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My Creative Inspiration: Craig

This line of work is very unique to draw inspiration from because many forms of media are readily around us.  We see it everyday - on our phones, social media, television, billboards, movies, webpages, print, photography, and more.  As a video producer, it is helpful to acknowledge and absorb creative influences in any form of media, whether that’s a billboard with a great photograph and attention grabbing text, or an interesting music/script combination in a radio advertisement or even a seemingly random YouTube ad.  

Whatever we see digitally - we can appreciate, deconstruct, and emulate for future projects. We can acknowledge what we like, what we think is effective, what we think captured our attention and find a similar way to utilize these subtle concepts.

Moments from Real Life

But more importantly, on the video side, it is important to absorb creative inspiration from real life as it is produced naturally - how moments feel, how stories are told, and how events take place.  The beauty of videography is we have the unique responsibility to show how a moment in life is seen, heard, and more importantly, felt. I have to admit I am a very emotional guy - whether getting sentimental during a special moment with family, or laughing until it hurts with a close friend, or that proud feeling of professionalism when you connect with a colleague or new client.  When creating a video for any sort of purpose - whether for advertising, storytelling, process demonstration, product explanation, message-based, motion graphics, comedy - I always revert back to how we want the viewer to feel as they attempt to identify with the characters, images, and visuals we show them.

Everybody Likes a Hero

A great mentor in my career emphasized having the viewer identify with the hero of the video as they face an internal struggle.  Along the way, they meet a guide who helps them overcome the problem. It is simple story arc - but it’s a really important source to draw inspiration from.  We want to know how the main character feels and what’s important to them. But sometimes, I have not been in the particular situation that drives the purpose of the video.  If I’m creating a video about a disaster restoration company and I have never experienced a tornado ripping through my home - it makes it tricky to identify with those affected.  I think the important thing as a videographer is genuinely listening to people as they tell their stories. They are the ones who truly felt something.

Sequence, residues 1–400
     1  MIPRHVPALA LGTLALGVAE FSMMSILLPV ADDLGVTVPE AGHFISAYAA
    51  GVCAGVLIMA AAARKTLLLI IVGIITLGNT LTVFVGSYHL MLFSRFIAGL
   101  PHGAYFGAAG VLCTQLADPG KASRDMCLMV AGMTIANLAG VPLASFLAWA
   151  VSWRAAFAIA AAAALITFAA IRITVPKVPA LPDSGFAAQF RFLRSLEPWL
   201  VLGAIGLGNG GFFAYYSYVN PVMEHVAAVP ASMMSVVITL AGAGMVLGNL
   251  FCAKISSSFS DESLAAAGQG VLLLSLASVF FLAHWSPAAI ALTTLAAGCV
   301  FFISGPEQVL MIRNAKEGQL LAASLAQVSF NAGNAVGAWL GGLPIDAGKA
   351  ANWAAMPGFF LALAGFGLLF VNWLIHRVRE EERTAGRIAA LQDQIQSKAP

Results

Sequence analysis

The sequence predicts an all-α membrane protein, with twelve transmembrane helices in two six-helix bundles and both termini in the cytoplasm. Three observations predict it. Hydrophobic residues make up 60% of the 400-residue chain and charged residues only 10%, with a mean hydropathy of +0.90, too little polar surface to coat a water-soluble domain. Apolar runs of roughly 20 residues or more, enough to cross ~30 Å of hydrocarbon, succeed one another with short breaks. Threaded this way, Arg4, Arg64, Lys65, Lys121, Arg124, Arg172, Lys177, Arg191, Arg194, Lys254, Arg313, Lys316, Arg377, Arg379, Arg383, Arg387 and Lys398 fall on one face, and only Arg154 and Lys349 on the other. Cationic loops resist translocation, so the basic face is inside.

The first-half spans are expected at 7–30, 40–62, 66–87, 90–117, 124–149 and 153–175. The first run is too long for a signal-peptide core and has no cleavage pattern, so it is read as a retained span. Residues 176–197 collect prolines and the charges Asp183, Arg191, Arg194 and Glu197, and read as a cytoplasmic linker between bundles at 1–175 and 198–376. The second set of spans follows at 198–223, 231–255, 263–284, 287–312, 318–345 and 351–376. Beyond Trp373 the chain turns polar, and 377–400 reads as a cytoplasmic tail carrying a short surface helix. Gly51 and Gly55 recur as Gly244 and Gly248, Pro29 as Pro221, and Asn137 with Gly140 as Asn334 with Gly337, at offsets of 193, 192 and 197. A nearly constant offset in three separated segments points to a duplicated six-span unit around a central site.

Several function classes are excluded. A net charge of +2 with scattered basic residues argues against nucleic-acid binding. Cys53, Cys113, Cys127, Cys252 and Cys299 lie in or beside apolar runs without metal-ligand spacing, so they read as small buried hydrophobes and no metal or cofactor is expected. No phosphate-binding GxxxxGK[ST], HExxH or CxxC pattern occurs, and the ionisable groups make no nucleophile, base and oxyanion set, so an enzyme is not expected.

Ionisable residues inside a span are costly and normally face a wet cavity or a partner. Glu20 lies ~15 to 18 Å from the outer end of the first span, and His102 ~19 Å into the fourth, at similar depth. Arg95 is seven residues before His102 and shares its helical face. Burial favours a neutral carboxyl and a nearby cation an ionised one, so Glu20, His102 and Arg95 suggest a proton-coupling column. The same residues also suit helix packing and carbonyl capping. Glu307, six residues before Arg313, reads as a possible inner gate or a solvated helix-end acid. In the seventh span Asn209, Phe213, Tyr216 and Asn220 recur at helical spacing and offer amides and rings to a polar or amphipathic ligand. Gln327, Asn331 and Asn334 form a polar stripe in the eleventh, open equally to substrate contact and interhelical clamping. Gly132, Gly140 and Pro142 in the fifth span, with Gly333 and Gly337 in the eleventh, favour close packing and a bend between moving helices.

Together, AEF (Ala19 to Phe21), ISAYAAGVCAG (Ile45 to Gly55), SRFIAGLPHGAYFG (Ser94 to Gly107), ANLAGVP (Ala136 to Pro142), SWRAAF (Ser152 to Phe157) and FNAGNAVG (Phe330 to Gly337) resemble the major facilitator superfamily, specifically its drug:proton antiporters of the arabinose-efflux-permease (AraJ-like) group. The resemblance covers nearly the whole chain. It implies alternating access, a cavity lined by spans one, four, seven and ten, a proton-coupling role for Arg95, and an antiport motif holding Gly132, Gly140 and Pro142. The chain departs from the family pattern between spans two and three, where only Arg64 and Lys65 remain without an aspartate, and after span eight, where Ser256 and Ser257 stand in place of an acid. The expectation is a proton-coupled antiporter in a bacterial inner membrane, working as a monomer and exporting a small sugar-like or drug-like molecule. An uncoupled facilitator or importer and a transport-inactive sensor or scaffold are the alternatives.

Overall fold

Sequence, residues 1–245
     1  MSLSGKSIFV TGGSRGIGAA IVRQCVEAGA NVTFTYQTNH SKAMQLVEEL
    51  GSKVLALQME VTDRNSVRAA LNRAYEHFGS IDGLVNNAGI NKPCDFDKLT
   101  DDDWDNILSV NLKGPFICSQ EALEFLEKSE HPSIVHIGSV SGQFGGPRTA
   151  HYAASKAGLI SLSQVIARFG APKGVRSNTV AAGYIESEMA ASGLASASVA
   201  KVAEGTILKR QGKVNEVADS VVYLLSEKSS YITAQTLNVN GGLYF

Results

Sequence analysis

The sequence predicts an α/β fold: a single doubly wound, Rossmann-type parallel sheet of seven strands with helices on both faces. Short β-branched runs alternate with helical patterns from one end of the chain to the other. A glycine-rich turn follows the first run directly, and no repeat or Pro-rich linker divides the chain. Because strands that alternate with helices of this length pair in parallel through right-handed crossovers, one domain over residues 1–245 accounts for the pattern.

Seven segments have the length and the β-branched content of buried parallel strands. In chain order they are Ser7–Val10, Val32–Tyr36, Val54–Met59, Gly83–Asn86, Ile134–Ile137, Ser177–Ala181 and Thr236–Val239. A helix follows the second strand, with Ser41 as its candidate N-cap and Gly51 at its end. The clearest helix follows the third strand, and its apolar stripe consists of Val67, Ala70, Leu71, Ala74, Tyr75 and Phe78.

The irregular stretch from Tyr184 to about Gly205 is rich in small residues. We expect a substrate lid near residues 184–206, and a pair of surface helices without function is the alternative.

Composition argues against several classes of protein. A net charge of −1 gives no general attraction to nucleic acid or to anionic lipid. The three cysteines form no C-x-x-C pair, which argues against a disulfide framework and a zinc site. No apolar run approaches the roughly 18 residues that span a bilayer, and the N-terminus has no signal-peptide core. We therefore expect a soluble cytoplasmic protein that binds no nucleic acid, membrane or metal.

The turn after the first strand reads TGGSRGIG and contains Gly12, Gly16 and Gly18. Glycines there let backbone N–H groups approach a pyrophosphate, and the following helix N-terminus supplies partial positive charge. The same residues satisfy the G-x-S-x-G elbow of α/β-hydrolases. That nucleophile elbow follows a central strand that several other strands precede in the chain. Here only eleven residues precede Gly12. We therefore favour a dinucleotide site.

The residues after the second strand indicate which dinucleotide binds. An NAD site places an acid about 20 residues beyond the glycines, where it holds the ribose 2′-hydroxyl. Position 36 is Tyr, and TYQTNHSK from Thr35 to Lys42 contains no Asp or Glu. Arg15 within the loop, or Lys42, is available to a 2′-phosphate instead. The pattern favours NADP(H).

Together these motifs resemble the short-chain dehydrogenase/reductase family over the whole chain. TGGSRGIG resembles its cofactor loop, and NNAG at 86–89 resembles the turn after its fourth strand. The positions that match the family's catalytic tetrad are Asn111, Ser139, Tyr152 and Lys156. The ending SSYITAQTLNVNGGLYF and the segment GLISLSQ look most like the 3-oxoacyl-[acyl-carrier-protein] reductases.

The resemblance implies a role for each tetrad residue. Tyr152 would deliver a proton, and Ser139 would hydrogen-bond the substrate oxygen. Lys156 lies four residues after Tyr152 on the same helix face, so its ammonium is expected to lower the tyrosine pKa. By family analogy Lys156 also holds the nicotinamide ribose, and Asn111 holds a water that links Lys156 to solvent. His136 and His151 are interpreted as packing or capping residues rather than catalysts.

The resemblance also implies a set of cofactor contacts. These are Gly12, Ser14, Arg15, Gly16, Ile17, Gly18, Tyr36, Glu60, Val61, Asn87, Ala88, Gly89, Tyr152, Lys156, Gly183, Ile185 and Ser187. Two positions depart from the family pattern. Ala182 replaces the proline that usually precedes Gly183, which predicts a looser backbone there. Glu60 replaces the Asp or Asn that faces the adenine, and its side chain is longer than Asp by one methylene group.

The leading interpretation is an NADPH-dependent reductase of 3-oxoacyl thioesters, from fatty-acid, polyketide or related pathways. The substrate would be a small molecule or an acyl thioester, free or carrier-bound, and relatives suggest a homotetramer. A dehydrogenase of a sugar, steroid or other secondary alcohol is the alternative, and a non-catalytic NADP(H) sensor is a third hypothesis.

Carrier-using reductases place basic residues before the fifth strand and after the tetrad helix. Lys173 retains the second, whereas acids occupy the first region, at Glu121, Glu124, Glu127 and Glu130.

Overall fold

From there, I attempt to understand the correct visuals or audio that evoke certain feelings in the viewer.  Whenever we feel fear, despair, joy, laughter, or any emotion - it almost seems as though we see certain things or even can hear music that accompanies it. Even if I haven’t experienced storm damage, I know I have experienced issues in life that feel similar. The feeling of worry, loss, and confusion.  That all translates to de-saturated, high contrast visuals - rough compositions, intentionally, shaky camera shots. And I understand how it feels when someone finally comes to help you with your problem. That inspirational shot of the disaster restoration pulling into your driveway, the music elevating.  

The same approach can be handled with any type of video and the emotions that can accompany them - whether that’s a pool party music video, an animated video about replacing old HVAC systems in the summertime, or demonstrating an efficient manufacturing process. Big questions to ask going into a video idea is how do we want the viewer to feel, what big benefit does the viewer get, and what action do we want the viewer to take.

Learning from Others

With all of that being said - I have learned this from a former colleague.  One of the most important sources to draw inspiration from is through team members.  I always emphasize the importance of learning from others - whether they have years of experience or new to the industry but have unique ideas.  When we attempt to be open in admiring work, technique, and ideas, we push aside our own creative pride and willingly absorb the best in everyone else.  All of these sources can combine for a strong creative approach to any project.

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